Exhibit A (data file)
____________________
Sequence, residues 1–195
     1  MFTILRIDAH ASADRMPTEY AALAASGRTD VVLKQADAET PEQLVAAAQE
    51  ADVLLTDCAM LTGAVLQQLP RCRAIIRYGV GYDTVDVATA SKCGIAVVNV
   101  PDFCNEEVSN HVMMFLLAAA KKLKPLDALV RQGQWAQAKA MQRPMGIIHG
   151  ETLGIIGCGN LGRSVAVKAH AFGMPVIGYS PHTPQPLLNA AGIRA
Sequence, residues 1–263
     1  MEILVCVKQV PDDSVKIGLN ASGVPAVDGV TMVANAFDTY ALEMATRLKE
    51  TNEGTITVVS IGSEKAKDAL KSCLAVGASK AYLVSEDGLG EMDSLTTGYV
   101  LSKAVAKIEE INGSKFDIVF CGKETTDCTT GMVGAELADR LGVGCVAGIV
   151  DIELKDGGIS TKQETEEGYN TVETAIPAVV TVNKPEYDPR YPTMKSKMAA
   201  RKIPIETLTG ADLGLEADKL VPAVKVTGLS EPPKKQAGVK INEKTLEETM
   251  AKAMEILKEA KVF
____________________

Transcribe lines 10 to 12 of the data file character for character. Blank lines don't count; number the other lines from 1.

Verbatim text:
   151  DIELKDGGIS TKQETEEGYN TVETAIPAVV TVNKPEYDPR YPTMKSKMAA
   201  RKIPIETLTG ADLGLEADKL VPAVKVTGLS EPPKKQAGVK INEKTLEETM
   251  AKAMEILKEA KVF